Debt financing

Another way of acquiring capital is by assuming debt. Debt capital is usually a loan with interest from friends, family, financial institutions, peer-to-peer lenders, credit card companies, or federal loan programs. This method of financing requires regular repayment with interest, which will vary depending on the type of capital, amount, company’s track record, and credit score.

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Because most startups aren’t yet profitable, we need to come up with another way to calculate how much a startup is worth. This calculated worth is called a company’s valuation, aka the amount that investors, founders, and shareholders decide the company is worth.

Valuation is usually calculated based by multiplying a share's value (current price) by the amount of shares in total.

Cap table

You’ll begin to hear this term more and more as you seek investor funding. “Cap table” is the colloquial term for a capitalization table—a spreadsheet that shows how equity is spread out in a company.

A cap table can include any of the following information:

  • Total and type of equity ownership capital

    • Common equity shares
    • Preferred equity shares
    • Warrants
    • Convertible Equity
  • Investor names or organizations
  • Current share prices
  • Potential funding sources
  • Upcoming or previous M&As
  • IPO information

These cap tables are usually only revealed to staff and investors to provide information on the company’s total market value.

Preferred vs. common stock

There are two types of stock that shareholders may own. Both types represent equity ownership, but offer different benefits.


Preferred stockholders typically have a higher claim compared to common stockholders. In the event a startup goes bankrupt or gets acquired, they will receive their payouts first.

Preferred stockholders usually receive fixed, regular dividend payments for a pre-defined period of time as long as the company is able to pay. Preferred stock is callable, which means a company can buy it back at any time. It can also be converted into common stock, whereas common stock cannot be converted into preferred stock.


Common stock is a type of equity that entitles shareholders to profit via dividends or capital appreciation. Unlike preferred stockholders, common stockholders are usually given voting rights directly proportional to the number of shares owned. Common stockholders are not guaranteed to receive dividend payments.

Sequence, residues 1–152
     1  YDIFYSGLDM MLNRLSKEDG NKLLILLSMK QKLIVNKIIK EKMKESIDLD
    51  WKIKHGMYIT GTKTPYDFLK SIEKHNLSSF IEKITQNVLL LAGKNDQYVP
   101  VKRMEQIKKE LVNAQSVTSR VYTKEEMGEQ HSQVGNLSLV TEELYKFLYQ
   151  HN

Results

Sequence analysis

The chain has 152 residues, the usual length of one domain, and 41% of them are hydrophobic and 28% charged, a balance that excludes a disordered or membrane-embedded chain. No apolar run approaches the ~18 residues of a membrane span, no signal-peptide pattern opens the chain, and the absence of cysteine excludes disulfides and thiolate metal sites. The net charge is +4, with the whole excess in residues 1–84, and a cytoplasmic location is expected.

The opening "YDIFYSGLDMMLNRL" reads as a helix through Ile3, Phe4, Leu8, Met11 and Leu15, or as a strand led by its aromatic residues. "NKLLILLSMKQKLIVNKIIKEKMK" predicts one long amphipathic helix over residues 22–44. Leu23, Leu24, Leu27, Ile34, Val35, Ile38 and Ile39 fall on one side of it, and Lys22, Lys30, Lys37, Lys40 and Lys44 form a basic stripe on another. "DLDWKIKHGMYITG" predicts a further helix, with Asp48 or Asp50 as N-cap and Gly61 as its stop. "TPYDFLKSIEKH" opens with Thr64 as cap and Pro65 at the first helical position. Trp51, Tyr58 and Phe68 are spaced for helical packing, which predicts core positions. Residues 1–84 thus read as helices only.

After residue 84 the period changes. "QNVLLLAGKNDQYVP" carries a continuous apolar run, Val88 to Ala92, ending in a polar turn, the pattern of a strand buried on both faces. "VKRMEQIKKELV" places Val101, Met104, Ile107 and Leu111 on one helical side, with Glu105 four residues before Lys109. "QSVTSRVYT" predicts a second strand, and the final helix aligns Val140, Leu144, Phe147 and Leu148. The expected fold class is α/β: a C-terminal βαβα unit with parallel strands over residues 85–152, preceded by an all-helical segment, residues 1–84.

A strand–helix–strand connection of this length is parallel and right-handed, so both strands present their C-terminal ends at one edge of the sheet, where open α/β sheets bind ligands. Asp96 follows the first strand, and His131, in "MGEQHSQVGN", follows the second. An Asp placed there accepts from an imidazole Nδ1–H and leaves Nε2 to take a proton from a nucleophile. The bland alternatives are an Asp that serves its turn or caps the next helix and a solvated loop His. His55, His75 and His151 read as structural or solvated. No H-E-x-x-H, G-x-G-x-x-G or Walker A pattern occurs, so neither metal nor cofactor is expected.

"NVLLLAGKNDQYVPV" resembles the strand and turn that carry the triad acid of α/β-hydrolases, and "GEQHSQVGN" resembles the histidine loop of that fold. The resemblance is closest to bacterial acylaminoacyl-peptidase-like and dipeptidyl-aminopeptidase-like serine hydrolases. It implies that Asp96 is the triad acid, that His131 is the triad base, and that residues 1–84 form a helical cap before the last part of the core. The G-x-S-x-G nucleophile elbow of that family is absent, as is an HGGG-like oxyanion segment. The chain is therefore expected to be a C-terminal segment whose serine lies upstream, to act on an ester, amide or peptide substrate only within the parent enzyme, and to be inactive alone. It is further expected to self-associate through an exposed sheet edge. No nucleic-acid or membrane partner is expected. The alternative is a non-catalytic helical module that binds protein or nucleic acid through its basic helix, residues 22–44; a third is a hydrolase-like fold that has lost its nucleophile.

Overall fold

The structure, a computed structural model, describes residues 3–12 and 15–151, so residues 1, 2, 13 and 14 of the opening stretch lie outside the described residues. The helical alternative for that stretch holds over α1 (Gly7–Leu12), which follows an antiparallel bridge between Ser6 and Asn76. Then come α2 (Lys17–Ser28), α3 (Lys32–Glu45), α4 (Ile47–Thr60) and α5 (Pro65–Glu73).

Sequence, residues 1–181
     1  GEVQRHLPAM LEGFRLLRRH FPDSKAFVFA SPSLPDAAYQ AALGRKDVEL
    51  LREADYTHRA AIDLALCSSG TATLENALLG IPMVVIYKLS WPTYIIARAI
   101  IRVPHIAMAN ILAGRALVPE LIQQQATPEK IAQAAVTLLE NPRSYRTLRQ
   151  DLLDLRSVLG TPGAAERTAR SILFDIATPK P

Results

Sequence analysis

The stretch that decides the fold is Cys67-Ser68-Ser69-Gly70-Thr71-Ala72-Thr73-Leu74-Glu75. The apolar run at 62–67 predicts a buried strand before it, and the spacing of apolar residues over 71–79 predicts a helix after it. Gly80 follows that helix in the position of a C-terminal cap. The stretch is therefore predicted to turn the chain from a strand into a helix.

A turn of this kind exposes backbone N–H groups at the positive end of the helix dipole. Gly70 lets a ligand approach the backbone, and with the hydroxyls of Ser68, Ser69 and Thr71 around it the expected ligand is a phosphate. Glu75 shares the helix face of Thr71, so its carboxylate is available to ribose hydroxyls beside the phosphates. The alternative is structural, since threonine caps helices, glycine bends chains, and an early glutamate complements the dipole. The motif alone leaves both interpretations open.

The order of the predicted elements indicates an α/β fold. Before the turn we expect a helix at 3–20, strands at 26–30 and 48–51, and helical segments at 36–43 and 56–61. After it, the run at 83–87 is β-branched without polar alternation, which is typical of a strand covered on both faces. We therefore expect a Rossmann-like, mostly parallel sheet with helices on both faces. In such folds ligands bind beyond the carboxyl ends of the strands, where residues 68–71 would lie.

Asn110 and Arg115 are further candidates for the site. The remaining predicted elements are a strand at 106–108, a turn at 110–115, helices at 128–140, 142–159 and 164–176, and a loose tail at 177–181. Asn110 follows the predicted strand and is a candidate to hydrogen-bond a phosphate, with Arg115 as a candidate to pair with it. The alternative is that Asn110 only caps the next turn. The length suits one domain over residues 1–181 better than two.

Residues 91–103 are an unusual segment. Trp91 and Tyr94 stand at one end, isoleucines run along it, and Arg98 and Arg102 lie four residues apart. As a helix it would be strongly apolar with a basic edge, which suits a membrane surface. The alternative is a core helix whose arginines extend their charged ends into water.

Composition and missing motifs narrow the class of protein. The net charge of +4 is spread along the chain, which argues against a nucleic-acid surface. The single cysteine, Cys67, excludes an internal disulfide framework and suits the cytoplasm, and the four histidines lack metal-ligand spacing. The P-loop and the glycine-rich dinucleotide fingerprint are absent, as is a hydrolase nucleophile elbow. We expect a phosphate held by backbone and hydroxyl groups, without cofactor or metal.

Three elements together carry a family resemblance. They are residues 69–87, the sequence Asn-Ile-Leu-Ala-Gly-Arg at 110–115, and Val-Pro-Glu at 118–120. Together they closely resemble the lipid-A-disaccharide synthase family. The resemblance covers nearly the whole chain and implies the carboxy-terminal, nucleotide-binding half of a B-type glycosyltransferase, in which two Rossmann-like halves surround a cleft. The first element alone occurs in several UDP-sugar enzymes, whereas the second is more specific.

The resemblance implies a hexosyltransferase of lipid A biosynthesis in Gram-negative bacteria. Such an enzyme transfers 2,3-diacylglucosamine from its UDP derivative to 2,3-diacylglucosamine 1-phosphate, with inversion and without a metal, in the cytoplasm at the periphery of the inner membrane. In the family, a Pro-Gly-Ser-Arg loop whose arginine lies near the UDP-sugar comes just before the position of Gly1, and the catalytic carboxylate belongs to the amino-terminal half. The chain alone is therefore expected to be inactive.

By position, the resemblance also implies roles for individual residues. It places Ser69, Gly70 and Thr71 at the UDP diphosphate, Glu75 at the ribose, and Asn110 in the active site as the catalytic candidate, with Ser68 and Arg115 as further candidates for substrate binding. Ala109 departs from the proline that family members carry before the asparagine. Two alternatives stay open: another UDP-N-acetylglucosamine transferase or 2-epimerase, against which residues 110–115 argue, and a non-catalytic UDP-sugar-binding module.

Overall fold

Monthly recurring revenue is arguably the most important metric of any subscription business. Any new deal closure results in recurring revenue for a period of time. MRR can be calculated by simply adding all of the monthly fees paid by all of your customers. You could also calculate it through ARPA (average revenue per account). First, you calculate the average revenue per account, then multiply that amount by the total number of customers you have.

Burn rate

The burn rate is the rate at which a company is losing money each month. CFOs should carefully track their company spending so that they can calculate how much venture capital they are losing and how far they have to go before they become profitable.

Gross burn is defined by a company’s total spend on operations per month. Net burn, on the other hand, is defined as the amount a company _loses _per month (calculated by revenue less operating costs).

A company that spends $30,000 on operations each month has a gross burn rate of $30,000, regardless of how much revenue it is making.

But say it’s making $20,000 in revenue each month. That means its net burn rate is $20,000 less $30,000, or just $10,000.

Net burn can provide CFOs with a more accurate runway estimate.


A startup’s runway is the amount of time a company has before it runs out of money. CFOs must be able to accurately estimate their remaining runway and seek more financing before their runway ends.

CFOs should be equipped with the right knowledge and the right tools

Leading a company and ensuring its financial health is no easy task. A startup CFO who wants to grow their business from the seed stage to a full-fledged corporation must be able to efficiently direct company expenditures while also sharing and gaining new knowledge.

Fortunately, CFOs are not alone on this journey. Aside from their C-suite partners, CFOs can also utilize modern financial technology, such as automated company spending cards and digital accounting software. These tools are designed to reduce the reporting burden and empower the CFO to spend more time on strategic planning and direction.